In 1928, the Auto Cycle Council of Australia (ACCA) was formed to represent the interests of motorcycle clubs and state associations at a national level. The ACCA would eventually become Motorcycling Australia, the representative body for motorcycle racing in this country.
But organised motorcycle sport was established many years before the ACCA. Speedway racing was the first form of competition to be organised in a professional manner. The late John Hoskins was credited with presenting speedway to the world, when he conducted his first meetings at the West Maitland Showgrounds (NSW) in 1923. His efforts laid the foundation for future Australian successes in the world championship.
National conferences were biennial affairs until 1972, before becoming annual from 1973. Delegates from each State Controlling Body (SCB) participated at the conferences. These high-level gatherings had the primary purpose of updating the General Competition Rules (GCRs) and determining future directions of the sport.
In 1975, the then ACCA moved into the international sphere by affiliating with the Federation Internationale de Motocyclisme (FIM).
By the 1980s, sport was no longer an amateur business and it was unfeasible to operate in the traditional way. In 1989, the ACCA established a permanent office in Melbourne, staffed by a full-time administrator and assistant. By 1991, a new full-time National Executive Director was appointed, replacing the administrator. It was clear that the organisation had to change with the times and provide the professionalism demanded by modern sport.
Subsequently, in late 1992, the name “Motorcycling Australia” replaced ACCA, to reflect a more modern and progressive image, and to ensure easy identification with motorcycling sport. A new logo was introduced at the same time, to match the improved image.
A full-time National Development Officer was appointed in early 1993, reflecting the growth of the sport and the organisation’s commitment to support and encourage that growth. At the 1993 annual conference, there was an overwhelming vote in favour of change for the long-term benefit of the sport, including plans for restructuring the organisation.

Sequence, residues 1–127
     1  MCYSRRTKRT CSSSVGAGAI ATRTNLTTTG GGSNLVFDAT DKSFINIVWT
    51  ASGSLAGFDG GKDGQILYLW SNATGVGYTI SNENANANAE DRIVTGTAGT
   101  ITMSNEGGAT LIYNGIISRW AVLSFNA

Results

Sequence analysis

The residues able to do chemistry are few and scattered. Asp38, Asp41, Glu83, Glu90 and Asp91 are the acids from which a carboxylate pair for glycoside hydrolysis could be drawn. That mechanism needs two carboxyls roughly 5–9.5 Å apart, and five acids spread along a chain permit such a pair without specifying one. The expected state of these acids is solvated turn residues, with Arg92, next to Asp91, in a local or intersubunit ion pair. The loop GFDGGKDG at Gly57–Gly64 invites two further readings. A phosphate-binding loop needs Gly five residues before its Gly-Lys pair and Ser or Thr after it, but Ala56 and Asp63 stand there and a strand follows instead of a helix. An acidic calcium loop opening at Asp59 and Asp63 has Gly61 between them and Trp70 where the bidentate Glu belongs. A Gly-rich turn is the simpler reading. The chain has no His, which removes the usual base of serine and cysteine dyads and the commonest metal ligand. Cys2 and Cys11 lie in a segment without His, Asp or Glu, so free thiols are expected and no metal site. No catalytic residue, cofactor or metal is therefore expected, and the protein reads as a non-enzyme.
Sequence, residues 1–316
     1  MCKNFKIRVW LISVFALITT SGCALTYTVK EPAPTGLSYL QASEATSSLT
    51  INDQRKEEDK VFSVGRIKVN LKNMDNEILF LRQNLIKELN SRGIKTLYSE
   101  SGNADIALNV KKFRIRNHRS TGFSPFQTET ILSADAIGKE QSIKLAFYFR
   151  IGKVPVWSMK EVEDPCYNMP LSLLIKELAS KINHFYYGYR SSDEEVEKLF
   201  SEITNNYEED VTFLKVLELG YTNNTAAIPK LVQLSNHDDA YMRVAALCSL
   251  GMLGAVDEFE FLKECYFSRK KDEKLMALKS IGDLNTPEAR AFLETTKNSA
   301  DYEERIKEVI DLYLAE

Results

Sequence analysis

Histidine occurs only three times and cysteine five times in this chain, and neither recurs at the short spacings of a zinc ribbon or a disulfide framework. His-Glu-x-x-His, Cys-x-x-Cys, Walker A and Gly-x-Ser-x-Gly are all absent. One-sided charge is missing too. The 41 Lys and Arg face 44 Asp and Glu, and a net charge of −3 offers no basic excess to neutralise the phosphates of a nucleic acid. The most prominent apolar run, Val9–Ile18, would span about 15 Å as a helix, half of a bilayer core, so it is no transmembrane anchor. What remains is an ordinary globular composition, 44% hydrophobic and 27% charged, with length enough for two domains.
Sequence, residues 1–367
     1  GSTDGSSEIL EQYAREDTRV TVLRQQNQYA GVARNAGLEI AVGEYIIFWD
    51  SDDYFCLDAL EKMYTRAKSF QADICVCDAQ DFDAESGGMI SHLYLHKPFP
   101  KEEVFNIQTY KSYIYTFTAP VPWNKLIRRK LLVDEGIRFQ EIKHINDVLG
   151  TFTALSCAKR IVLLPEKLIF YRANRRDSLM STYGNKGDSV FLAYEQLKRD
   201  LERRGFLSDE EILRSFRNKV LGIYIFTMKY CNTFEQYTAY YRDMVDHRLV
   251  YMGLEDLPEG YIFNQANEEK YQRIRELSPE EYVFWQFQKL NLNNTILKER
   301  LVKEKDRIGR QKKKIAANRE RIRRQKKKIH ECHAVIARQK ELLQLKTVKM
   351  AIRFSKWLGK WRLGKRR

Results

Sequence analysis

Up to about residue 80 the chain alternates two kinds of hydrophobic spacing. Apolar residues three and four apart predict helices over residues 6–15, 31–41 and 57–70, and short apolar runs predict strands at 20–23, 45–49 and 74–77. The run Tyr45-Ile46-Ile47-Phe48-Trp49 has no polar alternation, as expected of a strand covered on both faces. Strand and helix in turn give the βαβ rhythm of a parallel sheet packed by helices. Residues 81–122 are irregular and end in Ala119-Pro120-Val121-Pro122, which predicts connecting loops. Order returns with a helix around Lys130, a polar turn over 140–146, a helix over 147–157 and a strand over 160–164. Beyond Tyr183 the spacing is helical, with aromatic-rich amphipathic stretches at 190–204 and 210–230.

The following year, at the annual conference, the council approved a restructuring of the organisation. National commissions were established and commissioners appointed for each branch of the sport. Each three-person commission was responsible for rule changes and the national development of its discipline. Special sub-committees, responsible for the business aspect of the sport, were also established. In 1998, the Northern Territory was formally admitted as a member.
At the 2000 annual conference in Hobart, a new constitution was adopted which empowered the independent board of directors. Councillors were reduced to one from each state. In the same year a Motorsport Manager was appointed to administer Australian championships. That role would eventually become that of Sport and Development Manager, merging the duties of National Development Officer and Motorsport Manager into one role. In 2001, Motorcycling Australia appointed a Media Manager and in late 2002, a new role of General Manager was created, replacing that of Operations Manager.
Today, the organisation has in excess of 32,700 competitors, more than 350 affiliated clubs, and over 3000 registered officials.
Motorcycling Australia will continue to serve its members and the motorcycle sport community, to ensure the healthy future of motorcycle sport.